The waiting room

posted in: Hotel Lessons | 0
Tick tock

The most encouraging thing about the last two sessions has been the attendance, which was excellent – we really do seem to have a more committed group at the moment.  Ever since we began, I have been hoping to find a consistent group, so that we could make progress from week to week, and try to create something a little more sustained and complex.  And at last, maybe, we are there.

We are still exploring sketches which reflect somehow on the idea of waiting, and added an idea I have worked on before, “Tick tock.”  It is based on a simple clock motif, with four characters announcing Tick and Tock, until one, growing bored of the tedium, tries to inject some variety.  I think it could be effective, but it does require a certain subtlety, and could prove devilishly difficult to learn.  Still, they seem to be up for trying it.

There are eight performers, so I wanted another scripted piece for the other four to work on, so I have written (or stolen Beckett’s lines) for a sketch based on “Waiting for Godot”.  This group does contain Ali and Abdulaziz, who do struggle a little with English, but it also contains some clowning, which ought to suit them both very well.  Again, we shall have to see how it goes, and we can reject any idea if it proves too difficult.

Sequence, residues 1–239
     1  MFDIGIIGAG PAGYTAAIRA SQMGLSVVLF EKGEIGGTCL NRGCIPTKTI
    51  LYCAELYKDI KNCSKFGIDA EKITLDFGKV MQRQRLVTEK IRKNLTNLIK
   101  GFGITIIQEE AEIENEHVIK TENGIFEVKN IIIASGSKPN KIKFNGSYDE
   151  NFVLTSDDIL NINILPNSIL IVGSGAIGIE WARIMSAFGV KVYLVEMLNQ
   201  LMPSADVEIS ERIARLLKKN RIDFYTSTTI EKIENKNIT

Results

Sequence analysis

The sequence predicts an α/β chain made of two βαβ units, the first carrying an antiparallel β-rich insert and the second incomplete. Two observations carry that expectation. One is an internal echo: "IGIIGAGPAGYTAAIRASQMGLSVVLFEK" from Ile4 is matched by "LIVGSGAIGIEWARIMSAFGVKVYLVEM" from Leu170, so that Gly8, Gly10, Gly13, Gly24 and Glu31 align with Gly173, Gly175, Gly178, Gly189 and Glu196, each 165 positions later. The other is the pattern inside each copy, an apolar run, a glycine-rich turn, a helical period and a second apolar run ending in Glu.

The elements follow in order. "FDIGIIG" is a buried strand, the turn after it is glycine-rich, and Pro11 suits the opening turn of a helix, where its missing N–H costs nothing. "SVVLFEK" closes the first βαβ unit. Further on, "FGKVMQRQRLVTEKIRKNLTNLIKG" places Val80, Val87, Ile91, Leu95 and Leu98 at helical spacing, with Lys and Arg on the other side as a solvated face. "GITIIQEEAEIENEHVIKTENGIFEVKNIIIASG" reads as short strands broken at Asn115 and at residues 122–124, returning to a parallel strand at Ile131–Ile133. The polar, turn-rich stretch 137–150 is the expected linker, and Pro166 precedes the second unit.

The meat of the presentation, however, will need to be those sections which reflect the asylum-seekers’ own experiences and frustrations, particularly those which associate with the basic concept of Waiting.  To try and help , I did have a lunch meeting before the actual session with 3 of the participants – Hamed, Aisha, and Frishta.  For this, we met at the place where Aisha and Frishta are doing some volunteering, the Mormon church.  I was surprised to find the huge modern building almost empty, with just a couple of family groups taking advantage of the warmth and hot drinks,  but nobody challenged Hamed and I when we entered, which was somewhat surprising, but we were able to discuss the content of such scenes.  (Curiously, as we were leaving, we did run into two of the Church’s young elders, who very much conformed to all of the stereotypes one has encountered.

The session which followed was somewhat hampered by the absences of Hamed, who had an appointment with an advisor, and Frishta, who had a doctor’s appointment, but even so we made some progress with the scenes we are working on.  As well as those mentioned, we are exploring the tedium of hotel life, told through a repetitive movement sequence, and backed by Elly Stone’s “Carousel”, a song which starts slowly but gets faster + faster.

As for Godot, we made a start.  But the target has to be having at least two of the “refugee” scenes written – they are the heart of the show so cannot be left.  But I am very pleased with the group, who have come together to make a most positive and cohesive unit.

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